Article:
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Autosomal recessive spastic ataxia of Charlevoix-Saguenay (ARSACS) was first described in the French-Canadian founder population of Quebec in 1978, but genetically confirmed patients have now been reported in individuals from Europe and Japan. Ataxia, dysarthria, spasticity with extensor plantar reflexes, distal muscle wasting, sensorimotor neuropathy and horizontal gaze-evoked nystagmus constitute the most frequent progressive neurological signs. Neuroimaging reveals atrophy of the superior vermis, cervical spinal cord, and cerebral cortex.1 SACS is the most frequent gene associated with ARSACS.2
Previous authors reported that retinal hypermyelinated fibres observed in funduscopy are a minor diagnostic criterion for ARSACS that may identify patients with early-onset cerebellar ataxia and characteristic pontine abnormalities.2 ,3 We found patients with full ophthalmological examination and retinal nerve-fibre layer (RNFL) photographs showing significant increases in RNFL thickness compared to healthy subjects, but not the myelinated fibres radiating from the optic disk described by previous authors. In addition, digital imaging technologies such as optical coherence tomography to measure peripapillary RNFL thickness and provide retinal images show an increase in the RNFL density in these patients.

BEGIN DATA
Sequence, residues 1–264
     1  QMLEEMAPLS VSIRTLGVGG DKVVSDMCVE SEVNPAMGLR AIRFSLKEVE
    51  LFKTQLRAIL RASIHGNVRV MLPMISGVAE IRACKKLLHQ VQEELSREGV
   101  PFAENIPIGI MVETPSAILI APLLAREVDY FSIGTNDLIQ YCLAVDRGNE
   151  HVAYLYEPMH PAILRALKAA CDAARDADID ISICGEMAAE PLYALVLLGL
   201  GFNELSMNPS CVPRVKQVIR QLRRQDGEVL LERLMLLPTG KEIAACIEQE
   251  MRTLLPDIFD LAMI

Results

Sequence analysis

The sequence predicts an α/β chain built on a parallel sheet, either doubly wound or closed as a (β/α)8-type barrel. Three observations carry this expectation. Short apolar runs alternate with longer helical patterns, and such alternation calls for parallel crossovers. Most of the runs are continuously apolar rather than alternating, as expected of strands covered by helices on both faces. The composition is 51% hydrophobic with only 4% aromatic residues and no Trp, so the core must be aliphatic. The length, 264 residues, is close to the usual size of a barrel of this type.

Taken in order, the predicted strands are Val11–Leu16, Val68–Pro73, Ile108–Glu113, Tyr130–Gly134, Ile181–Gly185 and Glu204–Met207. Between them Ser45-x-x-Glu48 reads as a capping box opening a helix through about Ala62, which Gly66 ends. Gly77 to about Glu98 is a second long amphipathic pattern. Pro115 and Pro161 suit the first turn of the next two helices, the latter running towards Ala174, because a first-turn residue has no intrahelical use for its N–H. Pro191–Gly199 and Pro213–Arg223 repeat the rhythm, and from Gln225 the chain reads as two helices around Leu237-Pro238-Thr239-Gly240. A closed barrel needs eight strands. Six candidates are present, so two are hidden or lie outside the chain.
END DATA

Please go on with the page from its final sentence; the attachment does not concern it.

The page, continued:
These findings suggest that RNFL hypertrophy in ARSACS patients was interpreted as hypermyelinated retinal fibres in previous reports, and thus the ARSACS diagnostic criteria, particularly …
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